56 (3):570-601 (2022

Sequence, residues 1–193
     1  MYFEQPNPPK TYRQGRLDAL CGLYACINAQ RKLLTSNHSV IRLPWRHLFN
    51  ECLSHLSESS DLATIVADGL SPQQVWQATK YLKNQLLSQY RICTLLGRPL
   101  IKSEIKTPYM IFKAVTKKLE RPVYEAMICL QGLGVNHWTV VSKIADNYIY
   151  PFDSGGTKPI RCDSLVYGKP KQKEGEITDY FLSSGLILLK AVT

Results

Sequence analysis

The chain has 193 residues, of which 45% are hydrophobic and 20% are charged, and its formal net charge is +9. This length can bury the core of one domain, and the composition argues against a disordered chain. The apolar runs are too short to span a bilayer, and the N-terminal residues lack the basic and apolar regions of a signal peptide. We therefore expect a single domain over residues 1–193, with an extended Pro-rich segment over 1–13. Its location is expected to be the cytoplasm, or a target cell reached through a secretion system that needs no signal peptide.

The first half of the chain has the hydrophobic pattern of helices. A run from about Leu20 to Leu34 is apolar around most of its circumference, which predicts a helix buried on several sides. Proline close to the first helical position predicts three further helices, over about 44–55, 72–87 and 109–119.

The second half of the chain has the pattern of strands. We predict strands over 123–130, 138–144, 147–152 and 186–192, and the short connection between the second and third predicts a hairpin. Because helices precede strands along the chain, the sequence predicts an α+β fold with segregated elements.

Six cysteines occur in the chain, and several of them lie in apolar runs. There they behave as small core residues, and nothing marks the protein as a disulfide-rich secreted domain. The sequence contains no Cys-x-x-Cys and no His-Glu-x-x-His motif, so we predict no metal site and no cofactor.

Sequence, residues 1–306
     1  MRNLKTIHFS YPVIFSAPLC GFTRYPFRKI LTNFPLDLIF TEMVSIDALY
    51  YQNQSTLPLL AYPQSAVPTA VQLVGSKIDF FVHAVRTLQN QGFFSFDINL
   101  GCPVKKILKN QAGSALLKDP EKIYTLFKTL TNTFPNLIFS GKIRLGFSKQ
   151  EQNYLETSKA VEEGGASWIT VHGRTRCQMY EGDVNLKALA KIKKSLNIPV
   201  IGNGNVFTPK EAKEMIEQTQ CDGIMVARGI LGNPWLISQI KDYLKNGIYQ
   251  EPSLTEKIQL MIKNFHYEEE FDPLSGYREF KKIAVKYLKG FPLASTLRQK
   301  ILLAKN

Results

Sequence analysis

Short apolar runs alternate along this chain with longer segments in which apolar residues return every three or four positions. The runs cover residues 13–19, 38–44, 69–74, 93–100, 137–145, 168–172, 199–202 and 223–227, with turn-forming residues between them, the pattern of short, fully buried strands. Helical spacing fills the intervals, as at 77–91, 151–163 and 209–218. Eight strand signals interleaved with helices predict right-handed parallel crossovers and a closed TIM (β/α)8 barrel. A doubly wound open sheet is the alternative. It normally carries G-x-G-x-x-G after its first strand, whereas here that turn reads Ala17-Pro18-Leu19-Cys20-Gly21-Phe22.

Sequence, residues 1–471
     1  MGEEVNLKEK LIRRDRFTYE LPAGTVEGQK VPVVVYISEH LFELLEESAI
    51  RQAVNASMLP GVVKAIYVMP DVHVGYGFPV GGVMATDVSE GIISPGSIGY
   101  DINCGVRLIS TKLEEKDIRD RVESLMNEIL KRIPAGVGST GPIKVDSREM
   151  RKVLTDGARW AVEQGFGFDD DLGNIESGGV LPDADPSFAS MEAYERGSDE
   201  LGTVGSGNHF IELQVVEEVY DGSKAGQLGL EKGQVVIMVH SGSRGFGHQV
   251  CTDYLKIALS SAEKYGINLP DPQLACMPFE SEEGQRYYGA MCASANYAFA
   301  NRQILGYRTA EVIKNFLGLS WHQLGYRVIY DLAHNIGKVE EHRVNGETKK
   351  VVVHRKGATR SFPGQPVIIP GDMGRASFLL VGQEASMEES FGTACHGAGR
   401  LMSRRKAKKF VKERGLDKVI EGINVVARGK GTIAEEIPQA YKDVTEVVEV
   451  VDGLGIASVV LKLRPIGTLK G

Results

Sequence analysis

This paper is about the principle that success entails ability, which I call Success. I argue the status of Success is highly puzzling: when we focus on past instances of actually successful action, Success is very compelling; but it is in tension with the idea that true ability claims require an action be in the agent's control. I make the above tension precise by considering the logic of ability. I argue Success is appealing because it is classically equivalent to two genuinely valid inferences, which I call Past Success and Can't-Entails-Won't; but also that Success itself has counterexamples. I show how to invalidate Success while validating Past Success and Can't-Entails-Won't by connecting the meaning of ‘can’ to facts about what is settled or open. I define an operator W with features attributed to ‘will’ in the literature on future contingents. I then give a conditional analysis of ability ascriptions stated with W-conditionals, where "S can A" says, roughly, there’s some action available to S such that if S does it, then W(S A). I show this semantics invalidates Success while still explaining its appeal.